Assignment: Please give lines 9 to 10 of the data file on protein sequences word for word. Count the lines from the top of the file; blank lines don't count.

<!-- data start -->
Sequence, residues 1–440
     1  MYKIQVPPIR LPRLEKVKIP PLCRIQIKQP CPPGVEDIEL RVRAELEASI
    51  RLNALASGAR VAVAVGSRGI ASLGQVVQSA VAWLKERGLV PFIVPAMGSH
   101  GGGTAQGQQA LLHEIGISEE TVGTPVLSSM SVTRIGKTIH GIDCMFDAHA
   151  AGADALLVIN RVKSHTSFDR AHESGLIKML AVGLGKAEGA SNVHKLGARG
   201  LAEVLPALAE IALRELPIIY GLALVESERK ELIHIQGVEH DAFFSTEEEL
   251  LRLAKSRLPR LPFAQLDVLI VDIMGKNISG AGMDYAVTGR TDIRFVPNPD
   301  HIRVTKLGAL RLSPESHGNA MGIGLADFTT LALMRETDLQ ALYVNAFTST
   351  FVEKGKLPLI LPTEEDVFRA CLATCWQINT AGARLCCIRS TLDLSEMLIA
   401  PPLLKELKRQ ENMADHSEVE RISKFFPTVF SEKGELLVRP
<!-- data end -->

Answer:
   351  FVEKGKLPLI LPTEEDVFRA CLATCWQINT AGARLCCIRS TLDLSEMLIA
   401  PPLLKELKRQ ENMADHSEVE RISKFFPTVF SEKGELLVRP